Take for example Tanvi, a very kind and gentle woman in her sixties who endured domestic violence for decades. Initially, in her sessions, she would weep inconsolably, mourning for her past and also the position she found herself in, describing it like she was standing on an edge of a cliff. Yet slowly she began to use these sessions as a space to explore her identity and needs, something she had never dared to do in her life. She spent her whole childhood watching her mother and grandmother suffer in the hands of their spouses, hence Tanvi assumed that this is what she should expect in a marriage as well. Over time, Tanvi began to differentiate the thoughts, customs and beliefs that she had learnt in her childhood, and realised how it had led to her present, and that she was truly done with her life as it existed to please social paradigms that did not bring her any happiness, and allowed herself to hope and expect for more. As she began to be kinder to herself, she began to meet new people who became her well-wishers and treated her with the respect and care that she felt she deserved. Not only did she enroll herself in a course, despite the protests of her husband, and began to financially support herself but she ultimately left him and forged a happier life for herself and her two children.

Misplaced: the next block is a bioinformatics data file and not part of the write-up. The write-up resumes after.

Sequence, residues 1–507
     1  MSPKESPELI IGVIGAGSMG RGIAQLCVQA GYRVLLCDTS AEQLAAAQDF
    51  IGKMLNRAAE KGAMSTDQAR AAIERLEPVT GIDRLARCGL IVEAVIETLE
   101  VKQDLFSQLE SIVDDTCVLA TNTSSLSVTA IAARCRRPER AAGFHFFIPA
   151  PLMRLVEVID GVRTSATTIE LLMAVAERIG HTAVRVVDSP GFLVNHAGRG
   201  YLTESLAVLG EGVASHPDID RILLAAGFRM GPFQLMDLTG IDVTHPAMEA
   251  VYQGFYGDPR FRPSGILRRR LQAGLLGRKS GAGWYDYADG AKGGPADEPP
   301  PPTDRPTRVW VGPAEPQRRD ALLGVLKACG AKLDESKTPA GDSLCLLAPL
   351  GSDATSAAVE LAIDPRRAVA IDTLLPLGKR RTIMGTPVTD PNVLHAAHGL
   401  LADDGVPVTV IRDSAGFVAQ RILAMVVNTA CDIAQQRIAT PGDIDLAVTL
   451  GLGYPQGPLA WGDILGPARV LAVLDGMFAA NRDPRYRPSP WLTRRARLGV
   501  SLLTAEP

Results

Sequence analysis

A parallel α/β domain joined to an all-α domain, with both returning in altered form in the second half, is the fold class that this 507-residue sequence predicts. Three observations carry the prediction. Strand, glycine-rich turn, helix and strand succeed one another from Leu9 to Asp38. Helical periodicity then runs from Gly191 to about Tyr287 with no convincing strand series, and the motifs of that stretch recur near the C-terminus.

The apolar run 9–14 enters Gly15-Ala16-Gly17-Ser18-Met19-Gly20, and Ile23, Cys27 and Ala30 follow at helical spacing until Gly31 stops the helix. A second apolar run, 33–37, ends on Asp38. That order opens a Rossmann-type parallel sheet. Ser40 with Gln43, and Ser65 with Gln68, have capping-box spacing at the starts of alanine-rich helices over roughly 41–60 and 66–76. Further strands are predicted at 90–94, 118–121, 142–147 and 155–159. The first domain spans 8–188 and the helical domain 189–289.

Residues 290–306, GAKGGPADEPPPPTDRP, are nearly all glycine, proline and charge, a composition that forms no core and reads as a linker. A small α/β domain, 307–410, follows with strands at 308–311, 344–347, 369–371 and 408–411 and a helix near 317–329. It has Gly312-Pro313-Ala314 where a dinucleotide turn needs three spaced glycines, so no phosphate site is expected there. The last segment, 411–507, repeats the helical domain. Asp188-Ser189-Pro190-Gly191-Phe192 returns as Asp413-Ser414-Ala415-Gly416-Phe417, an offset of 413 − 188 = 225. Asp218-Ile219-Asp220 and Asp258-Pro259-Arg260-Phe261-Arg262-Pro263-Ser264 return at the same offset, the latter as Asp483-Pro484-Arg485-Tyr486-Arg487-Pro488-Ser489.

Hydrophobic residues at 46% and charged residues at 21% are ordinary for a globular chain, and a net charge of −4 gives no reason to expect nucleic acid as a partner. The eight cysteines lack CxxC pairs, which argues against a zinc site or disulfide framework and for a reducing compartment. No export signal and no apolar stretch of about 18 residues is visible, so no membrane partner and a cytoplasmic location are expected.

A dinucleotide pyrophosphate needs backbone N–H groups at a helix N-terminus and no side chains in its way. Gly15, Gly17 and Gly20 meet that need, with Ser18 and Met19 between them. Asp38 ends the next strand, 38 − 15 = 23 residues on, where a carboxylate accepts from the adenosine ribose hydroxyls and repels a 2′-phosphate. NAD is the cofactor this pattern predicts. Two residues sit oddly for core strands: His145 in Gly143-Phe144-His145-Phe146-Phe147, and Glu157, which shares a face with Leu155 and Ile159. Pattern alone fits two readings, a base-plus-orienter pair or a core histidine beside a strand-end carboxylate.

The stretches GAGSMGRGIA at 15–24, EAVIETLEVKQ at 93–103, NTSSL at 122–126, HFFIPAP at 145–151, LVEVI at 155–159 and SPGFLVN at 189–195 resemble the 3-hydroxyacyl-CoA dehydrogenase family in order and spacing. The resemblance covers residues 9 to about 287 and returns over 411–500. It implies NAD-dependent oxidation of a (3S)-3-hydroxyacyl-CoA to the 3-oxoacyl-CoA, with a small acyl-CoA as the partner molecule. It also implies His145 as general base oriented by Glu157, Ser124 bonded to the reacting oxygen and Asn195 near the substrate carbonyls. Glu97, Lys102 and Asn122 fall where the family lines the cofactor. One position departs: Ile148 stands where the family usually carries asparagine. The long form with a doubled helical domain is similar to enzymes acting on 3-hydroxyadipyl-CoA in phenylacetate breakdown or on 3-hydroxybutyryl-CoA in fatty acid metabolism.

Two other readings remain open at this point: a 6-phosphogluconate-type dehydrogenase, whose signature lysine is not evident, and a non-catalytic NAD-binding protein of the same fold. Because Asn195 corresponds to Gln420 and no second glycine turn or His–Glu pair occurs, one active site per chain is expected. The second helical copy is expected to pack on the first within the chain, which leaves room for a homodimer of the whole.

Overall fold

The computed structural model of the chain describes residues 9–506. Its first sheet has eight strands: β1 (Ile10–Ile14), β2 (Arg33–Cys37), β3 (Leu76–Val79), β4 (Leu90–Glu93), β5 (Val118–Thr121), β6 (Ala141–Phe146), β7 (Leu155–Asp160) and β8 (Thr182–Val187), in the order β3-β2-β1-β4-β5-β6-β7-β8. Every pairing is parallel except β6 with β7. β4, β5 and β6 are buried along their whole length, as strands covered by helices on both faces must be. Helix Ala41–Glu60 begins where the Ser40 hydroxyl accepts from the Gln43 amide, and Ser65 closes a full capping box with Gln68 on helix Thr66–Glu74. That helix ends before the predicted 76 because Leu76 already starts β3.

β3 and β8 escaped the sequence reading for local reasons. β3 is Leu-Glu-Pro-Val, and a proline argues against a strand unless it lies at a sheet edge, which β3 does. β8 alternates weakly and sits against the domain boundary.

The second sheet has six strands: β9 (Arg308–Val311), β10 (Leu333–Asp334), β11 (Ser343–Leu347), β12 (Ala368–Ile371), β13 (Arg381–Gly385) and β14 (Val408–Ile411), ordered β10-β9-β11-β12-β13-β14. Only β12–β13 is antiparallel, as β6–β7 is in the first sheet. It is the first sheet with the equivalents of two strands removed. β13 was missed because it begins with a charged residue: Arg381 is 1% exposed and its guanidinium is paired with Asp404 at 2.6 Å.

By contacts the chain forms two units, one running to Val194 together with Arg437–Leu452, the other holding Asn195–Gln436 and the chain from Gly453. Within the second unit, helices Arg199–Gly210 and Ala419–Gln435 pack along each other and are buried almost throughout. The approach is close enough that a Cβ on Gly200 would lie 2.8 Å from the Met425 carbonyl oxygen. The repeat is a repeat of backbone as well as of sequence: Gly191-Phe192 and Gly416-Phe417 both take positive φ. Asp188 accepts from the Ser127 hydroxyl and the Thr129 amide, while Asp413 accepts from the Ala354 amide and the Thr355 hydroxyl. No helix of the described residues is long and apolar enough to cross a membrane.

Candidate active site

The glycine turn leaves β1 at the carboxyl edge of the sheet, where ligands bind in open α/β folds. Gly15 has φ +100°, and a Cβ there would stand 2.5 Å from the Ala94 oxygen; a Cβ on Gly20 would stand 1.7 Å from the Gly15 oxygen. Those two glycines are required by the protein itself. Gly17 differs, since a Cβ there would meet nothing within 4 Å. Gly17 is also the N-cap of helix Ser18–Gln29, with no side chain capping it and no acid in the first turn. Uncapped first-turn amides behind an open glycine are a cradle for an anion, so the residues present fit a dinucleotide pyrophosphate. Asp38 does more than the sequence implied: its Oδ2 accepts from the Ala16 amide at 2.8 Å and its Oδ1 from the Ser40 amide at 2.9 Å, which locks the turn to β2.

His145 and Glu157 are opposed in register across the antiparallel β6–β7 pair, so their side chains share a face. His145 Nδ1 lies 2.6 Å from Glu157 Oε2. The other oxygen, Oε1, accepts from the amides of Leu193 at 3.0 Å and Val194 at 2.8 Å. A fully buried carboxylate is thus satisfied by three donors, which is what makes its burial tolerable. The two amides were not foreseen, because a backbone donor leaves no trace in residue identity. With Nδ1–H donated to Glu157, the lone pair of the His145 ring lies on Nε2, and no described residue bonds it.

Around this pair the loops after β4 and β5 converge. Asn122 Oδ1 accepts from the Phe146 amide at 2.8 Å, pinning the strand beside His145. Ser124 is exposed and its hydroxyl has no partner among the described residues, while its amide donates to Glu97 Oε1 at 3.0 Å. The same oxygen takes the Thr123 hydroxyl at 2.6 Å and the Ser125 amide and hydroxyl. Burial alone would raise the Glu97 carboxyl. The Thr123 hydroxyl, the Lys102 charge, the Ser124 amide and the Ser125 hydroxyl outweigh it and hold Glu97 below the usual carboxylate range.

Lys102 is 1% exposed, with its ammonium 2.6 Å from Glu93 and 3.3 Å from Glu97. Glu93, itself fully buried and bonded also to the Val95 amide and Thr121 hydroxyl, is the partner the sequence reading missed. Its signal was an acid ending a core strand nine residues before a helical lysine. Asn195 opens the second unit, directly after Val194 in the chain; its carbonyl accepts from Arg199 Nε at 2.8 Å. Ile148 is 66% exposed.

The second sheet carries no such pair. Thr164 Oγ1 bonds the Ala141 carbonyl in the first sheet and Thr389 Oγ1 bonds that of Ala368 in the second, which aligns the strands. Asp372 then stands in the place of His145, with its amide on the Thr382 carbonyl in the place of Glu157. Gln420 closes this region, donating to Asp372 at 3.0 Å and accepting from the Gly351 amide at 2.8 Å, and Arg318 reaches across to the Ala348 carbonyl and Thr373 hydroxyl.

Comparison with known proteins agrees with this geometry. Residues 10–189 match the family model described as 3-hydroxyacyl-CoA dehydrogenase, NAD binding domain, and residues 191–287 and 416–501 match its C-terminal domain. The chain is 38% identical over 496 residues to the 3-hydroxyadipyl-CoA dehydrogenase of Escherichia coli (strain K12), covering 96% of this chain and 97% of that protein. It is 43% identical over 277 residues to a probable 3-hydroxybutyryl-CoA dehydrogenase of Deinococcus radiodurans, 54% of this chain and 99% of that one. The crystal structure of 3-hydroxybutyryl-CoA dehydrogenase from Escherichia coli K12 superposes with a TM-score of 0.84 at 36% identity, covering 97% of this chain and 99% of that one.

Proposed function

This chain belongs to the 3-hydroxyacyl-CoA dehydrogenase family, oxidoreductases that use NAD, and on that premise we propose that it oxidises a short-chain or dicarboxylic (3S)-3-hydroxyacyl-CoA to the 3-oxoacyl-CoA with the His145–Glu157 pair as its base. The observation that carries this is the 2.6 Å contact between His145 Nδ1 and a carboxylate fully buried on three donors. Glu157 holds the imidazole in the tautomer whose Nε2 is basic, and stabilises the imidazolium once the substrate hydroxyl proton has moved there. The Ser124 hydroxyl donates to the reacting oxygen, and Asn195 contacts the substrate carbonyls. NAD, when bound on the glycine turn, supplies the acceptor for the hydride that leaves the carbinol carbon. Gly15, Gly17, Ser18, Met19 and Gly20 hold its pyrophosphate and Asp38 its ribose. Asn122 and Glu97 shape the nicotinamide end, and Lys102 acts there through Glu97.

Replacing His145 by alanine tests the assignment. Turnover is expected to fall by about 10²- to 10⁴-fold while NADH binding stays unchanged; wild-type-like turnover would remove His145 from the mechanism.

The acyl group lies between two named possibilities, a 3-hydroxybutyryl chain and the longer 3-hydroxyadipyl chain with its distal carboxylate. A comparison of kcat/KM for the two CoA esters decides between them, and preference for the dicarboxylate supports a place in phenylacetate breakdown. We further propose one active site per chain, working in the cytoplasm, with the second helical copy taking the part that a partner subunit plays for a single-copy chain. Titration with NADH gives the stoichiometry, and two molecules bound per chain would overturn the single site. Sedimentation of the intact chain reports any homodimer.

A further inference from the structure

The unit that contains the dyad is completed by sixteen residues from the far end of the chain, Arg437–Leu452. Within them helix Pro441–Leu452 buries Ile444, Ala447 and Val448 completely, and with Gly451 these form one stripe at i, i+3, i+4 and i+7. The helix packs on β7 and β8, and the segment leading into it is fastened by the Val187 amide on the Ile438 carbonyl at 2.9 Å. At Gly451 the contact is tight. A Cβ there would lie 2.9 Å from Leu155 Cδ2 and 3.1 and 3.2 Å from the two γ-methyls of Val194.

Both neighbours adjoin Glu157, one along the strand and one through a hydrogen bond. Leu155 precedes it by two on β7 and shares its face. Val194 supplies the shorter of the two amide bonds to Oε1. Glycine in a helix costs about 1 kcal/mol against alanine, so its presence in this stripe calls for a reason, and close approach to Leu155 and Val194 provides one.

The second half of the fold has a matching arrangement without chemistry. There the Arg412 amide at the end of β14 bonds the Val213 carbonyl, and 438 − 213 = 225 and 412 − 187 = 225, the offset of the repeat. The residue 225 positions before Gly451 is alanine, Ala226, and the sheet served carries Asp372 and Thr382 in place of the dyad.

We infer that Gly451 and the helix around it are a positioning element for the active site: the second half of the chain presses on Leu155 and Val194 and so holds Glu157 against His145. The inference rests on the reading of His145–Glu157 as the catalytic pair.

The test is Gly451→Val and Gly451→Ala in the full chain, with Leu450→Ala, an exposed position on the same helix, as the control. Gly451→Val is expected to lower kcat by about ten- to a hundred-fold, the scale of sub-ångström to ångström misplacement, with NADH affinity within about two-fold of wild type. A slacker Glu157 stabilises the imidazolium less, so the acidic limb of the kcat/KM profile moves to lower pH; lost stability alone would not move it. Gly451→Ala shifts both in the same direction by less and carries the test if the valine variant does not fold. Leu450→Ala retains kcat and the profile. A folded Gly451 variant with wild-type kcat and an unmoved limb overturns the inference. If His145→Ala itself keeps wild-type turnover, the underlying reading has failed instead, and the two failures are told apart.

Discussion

Hopefully, the awareness of the cultural factors that unconsciously draw women to violent relationships can equip them to realise how their conditioning can be used to their disadvantage by men who exploit the socially sanctioned concept of what a woman’s place is in society, and also use patriarchy to subjugate women to accept less than they deserve.
However, the onus of standing up against patriarchy is not limited to men when it comes to preventing the subordination of women towards abuse. For every man that abuses a woman in the house, there is the mother in law, sisters in law, other relatives and even neighbours who look the other way and therefore enable domestic violence to continue to exist.
The moral imperative to end domestic violence against women also applies to men and women with young children as to how they raise their sons and daughters, but also how women in general treat and speak of other women on a day to day level. If for example, women in a building gossip about a “slutty” woman for having an affair with a married man, it is setting a double standard for not holding the married man equally responsible in the affair. This is because it sends the message that women should be controlled and shamed for their transgressions but it’s understandable and excusable if a man cannot control his sexual appetite. Thus, preventing abuse needs to be tackled on both a macro and micro level in society, both with individuals taking a stand as well as within a group.
This realisation will also ideally empower women themselves and those around them to be more self aware and pave the way towards relationships where a woman receives the love and care that she deserves.
Arya Punj Timblo is a psychotherapist, lecturer and facilitator who has extensively worked with women who have struggled with abuse and domestic violence. The views expressed are the author’s own and not that of SheThePeople.